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Business Planning Papers

Business Planning Papers

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Published by Dinesh Verma
These 7 pages I findout from www.Planware.com website. Its really very nice article. and I dont use according to Planware copyright law.....I just make word doc and post it. Take help to establish New Bussines from your new Ideas.
These 7 pages I findout from www.Planware.com website. Its really very nice article. and I dont use according to Planware copyright law.....I just make word doc and post it. Take help to establish New Bussines from your new Ideas.

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Published by: Dinesh Verma on Aug 28, 2009
Copyright:Attribution Non-commercial


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Business Planning Papers:Getting New Business Ideas
Page Contents
1. Starting to Get New Business Ideas
The location and development of viable business ideas is as much an art, or matter of luck, as the useof systematic techniques. Certainly, you can use structured approaches, as described below, but thereality is that having the right background, being in the right place at the right time, and workinghard to create lucky breaks are likely to be just as important in coming up with sound business ideas.The concepts presented below represent a series of checklists. They need not be followedsystematically and, most certainly, they should not be perceived as a sure-fire recipe. Instead, viewthem as a series of menus from which you can pick and choose according as your thoughts develop.Probably, the only issue which everyone searching for new business ideas should reviewsystematically is their own strengths and weaknesses and to use this as their key building block and jumping off point.
Need More Assistance? Have a look at:
2. Before Searching for Business Ideas
The starting point for developing new business ideas lies inside the prospective entrepreneur rather than in the marketplace, laboratory, business plan etc. You are the critical component - it is your strengths and weaknesses which should dictate the areas in which to seek ideas and the likely scale& scope of your business. At the end of the day, support for your business by financiers, suppliers,customers etc. will also be a vote of confidence in your abilities to make it successful.You should build on your 
and surmount or work around your 
, and possiblycut your cloth to meet your main limitations. For example, there is little point in searching for capital-intensive or knowledge-based ideas if you have slim/no prospects of raising the necessarycapital or if your educational background is unsuitable. OK, OK, we have all heard stories of garage-starts by school drops-out which attracted venture capital and eventually became mega-businesses, but we don't hear so much about the huge numbers of failures.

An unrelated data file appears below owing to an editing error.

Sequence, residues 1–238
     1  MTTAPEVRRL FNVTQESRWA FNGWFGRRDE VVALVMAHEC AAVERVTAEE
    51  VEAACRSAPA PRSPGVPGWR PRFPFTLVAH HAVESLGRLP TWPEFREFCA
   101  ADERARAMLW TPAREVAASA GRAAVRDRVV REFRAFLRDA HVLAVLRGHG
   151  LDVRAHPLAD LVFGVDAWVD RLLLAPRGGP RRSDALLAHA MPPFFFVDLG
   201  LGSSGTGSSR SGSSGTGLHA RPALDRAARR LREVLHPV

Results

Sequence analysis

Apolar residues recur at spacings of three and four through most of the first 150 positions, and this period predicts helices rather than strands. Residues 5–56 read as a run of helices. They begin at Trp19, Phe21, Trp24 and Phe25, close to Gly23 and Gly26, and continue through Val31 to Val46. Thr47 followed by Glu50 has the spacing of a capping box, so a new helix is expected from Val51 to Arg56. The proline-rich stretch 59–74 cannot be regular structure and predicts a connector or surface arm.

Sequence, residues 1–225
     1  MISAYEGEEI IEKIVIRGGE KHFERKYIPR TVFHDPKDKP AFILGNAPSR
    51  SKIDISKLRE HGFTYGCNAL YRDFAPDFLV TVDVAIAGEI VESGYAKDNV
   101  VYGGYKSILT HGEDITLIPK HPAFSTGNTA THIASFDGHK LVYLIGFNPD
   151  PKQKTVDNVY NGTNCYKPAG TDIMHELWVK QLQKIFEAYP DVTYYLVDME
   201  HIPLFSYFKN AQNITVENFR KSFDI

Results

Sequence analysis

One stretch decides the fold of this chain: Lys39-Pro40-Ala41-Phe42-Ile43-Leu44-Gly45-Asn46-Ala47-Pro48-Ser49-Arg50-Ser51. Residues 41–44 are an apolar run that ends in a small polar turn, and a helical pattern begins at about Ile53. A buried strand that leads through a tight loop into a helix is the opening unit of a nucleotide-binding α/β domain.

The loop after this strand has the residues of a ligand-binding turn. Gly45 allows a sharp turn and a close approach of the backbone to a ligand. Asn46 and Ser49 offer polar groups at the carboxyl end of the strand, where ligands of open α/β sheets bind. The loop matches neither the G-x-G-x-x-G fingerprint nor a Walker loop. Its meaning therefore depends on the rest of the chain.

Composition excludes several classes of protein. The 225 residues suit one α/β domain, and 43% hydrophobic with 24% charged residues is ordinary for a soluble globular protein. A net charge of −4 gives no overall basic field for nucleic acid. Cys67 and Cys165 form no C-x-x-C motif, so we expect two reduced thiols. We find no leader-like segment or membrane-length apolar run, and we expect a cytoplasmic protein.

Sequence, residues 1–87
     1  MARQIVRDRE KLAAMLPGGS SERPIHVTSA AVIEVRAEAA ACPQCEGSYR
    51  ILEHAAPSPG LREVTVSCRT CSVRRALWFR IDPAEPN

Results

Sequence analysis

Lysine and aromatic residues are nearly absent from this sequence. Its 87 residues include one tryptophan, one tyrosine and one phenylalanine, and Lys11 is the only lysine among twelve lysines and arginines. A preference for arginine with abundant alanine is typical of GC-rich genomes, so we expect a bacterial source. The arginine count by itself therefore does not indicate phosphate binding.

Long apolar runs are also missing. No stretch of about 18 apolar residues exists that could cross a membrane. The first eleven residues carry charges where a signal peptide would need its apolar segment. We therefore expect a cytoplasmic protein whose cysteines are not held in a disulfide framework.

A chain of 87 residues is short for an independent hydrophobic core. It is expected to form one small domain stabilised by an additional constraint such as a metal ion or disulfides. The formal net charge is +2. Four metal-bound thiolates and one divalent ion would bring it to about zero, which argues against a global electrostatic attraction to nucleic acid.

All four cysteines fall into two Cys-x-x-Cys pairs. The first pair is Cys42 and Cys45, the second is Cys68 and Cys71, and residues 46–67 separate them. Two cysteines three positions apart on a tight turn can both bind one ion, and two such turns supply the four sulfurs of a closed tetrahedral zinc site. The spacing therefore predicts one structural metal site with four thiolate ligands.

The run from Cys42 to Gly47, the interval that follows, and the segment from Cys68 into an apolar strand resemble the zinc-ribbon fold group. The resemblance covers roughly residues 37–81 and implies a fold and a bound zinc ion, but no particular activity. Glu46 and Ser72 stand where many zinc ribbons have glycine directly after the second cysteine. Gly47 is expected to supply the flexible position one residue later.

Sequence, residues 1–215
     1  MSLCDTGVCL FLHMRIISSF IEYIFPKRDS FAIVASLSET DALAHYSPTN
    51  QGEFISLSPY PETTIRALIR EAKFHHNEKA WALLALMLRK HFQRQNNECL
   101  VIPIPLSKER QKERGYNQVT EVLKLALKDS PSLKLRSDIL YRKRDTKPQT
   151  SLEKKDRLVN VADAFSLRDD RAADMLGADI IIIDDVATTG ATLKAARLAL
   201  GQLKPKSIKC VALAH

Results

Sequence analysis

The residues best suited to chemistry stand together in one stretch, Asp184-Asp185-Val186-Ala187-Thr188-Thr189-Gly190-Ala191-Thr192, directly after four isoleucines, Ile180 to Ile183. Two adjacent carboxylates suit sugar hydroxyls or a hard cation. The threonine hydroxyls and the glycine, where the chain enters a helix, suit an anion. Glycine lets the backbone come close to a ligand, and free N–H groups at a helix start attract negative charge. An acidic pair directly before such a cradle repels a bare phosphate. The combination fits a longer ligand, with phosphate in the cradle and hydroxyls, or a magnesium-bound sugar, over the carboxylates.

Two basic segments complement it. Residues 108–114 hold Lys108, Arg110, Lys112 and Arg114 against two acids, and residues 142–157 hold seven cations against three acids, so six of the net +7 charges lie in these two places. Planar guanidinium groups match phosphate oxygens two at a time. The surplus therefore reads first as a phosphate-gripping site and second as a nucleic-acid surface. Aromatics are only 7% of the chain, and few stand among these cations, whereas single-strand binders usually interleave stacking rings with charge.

What angle are you coming from?Are you:
An inventor who has a product/service idea?
An innovator who has developed a new product/service?
Out of work and want to create a job for yourself?
An entrepreneur who wishes to create a business?
A manager who wishes to develop a business?1
Be especially aware that inventors and innovators does not necessarily make good business people.Areas where you should make honest assessments of your strengths and weaknesses include thefollowing:
Educational background
Any (special) business or technical qualifications?
Do you have a knowledge of finance & marketing?
Are you up-to-date with business-related issues?
Financial strengths
Have you access to personal or family funds or finance from other sources?
How much, how easily, what conditions and when?
How long could you survive without any (regular) income while your business develops?
Why do you
want to start a business?
Are you in reasonable health?
Have you any/many family commitments?
Does the family fully approve of your proposal to set up your own business?
Are you willing to relocate/commute in order to pursue a business possibility?
Expertise & interests
Do you have insights into any business sectors or trades?
What are you good at or like doing?
Do you have a hobby/interest/talent which could become the basis of a business?
Personal qualities